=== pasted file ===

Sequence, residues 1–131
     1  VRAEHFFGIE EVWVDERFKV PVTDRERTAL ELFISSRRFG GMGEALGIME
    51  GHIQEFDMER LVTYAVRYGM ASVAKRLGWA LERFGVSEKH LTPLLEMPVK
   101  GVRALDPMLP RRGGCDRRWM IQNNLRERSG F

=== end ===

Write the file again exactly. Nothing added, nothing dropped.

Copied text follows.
Sequence, residues 1–131
     1  VRAEHFFGIE EVWVDERFKV PVTDRERTAL ELFISSRRFG GMGEALGIME
    51  GHIQEFDMER LVTYAVRYGM ASVAKRLGWA LERFGVSEKH LTPLLEMPVK
   101  GVRALDPMLP RRGGCDRRWM IQNNLRERSG F